Vertigo Analysis

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Meticulously directed by Alfred Hitchcock, Vertigo a film-noir psychological thriller has become the greatest movie of all times in America. A police detective John Scottie Ferguson (James Stewart) gets crushed with vertigo and acrophobia after chasing a criminal on the rooftops of San Francisco, and watching his colleague fall to death. Criminal Gavin Elster (Tom Helmore) places reliance on Scottie’s mental illness in order for the murder of his wife Madeleine ( Kim Novak) to appear as a suicide. Manipulation, obsession and guilt accompany Scottie during the pursuit of Madeleine.
Throughout the film, Alfred Hitchcock brilliantly emphasizes the spinning effects of Scottie’s vertigo obviously with strong visual images, and figuratively through repetitions and metaphors.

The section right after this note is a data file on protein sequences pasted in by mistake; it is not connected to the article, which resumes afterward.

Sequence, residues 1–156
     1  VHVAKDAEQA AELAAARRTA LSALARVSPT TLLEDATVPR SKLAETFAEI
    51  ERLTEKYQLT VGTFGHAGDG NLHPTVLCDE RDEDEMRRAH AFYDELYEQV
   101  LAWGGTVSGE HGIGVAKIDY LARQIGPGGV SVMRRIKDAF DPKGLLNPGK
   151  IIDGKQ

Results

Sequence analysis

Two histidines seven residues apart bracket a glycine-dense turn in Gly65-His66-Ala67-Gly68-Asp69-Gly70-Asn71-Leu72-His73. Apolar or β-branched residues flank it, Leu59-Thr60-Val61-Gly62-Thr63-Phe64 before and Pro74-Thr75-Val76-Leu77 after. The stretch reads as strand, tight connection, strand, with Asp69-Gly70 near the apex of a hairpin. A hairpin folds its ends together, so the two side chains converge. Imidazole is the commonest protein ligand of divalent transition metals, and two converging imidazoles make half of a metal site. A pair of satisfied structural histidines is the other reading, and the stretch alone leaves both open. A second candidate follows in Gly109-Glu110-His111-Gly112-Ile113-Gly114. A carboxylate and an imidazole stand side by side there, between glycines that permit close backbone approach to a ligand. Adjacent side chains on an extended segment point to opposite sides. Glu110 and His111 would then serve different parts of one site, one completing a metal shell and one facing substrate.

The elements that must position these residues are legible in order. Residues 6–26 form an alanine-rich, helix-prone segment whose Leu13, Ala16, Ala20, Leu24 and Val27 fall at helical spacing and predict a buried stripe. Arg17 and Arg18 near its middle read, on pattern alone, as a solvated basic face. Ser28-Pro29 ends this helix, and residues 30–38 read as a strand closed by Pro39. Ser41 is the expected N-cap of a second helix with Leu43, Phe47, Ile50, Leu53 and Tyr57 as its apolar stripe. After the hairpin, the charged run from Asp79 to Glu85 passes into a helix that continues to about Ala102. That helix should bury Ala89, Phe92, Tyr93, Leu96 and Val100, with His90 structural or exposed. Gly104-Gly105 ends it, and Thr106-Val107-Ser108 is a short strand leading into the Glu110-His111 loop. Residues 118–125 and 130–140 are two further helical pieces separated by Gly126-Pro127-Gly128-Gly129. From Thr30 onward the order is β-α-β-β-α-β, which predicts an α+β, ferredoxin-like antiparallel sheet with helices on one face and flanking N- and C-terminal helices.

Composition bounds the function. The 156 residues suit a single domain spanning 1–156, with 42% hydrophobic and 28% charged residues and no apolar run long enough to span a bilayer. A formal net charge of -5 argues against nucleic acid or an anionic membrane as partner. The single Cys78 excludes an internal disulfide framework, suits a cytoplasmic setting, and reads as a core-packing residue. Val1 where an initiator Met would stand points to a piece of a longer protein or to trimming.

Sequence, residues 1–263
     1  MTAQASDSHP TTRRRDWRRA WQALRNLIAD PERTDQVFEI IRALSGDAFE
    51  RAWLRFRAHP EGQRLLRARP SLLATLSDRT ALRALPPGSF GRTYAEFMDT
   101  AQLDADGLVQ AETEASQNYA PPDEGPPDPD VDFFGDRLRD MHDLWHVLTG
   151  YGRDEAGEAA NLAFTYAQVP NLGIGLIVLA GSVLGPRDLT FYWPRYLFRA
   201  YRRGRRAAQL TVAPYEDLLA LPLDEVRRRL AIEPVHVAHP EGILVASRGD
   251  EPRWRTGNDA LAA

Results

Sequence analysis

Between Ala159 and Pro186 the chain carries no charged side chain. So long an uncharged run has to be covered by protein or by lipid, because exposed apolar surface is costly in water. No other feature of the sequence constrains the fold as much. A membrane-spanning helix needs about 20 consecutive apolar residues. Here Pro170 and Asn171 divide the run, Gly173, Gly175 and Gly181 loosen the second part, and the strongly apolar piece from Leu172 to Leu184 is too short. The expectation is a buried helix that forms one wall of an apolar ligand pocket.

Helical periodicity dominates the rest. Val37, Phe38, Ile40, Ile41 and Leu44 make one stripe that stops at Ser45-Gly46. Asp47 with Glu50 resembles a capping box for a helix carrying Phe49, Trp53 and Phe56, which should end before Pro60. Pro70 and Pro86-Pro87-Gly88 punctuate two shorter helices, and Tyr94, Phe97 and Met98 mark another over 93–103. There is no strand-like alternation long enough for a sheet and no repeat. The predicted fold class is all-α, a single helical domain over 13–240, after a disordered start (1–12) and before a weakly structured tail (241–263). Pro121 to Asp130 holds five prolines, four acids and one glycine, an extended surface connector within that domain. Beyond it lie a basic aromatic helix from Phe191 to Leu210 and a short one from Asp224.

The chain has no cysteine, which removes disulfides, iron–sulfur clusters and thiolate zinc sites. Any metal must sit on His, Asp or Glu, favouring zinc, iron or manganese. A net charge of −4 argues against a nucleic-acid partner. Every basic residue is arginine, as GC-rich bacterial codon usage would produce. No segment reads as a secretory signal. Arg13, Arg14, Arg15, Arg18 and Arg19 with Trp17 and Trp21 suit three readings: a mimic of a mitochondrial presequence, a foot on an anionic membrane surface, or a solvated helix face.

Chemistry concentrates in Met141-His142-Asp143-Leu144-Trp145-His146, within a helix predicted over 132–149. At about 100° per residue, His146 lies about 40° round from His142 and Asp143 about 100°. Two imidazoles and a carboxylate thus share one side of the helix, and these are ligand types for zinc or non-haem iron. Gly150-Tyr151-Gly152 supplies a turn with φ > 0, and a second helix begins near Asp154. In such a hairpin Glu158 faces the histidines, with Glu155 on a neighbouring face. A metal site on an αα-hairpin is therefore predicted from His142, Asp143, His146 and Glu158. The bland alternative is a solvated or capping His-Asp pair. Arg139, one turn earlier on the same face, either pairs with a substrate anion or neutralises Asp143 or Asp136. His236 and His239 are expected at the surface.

Clearly, the most compelling evidence of imbalance develops within the opening sequence of the film and continues through camera filters and special shots. A close up on a flickering woman’s eye surrounded by a foggy red background depicts a palpable fear. In addition, elliptical and circular graphics pop up and keep on whirling to visualize the dizzying effect of vertigo. Towards the end of the opening, Vertigo hit the center of the screen. Those graphic details shed the light on Scottie’s disorientation; Not only is it felt but also it is lived and seen. Moreover, Roger Ebert within his summary of the film describes the famous shot that stimulates the fear of heights and creates unsettling moments and
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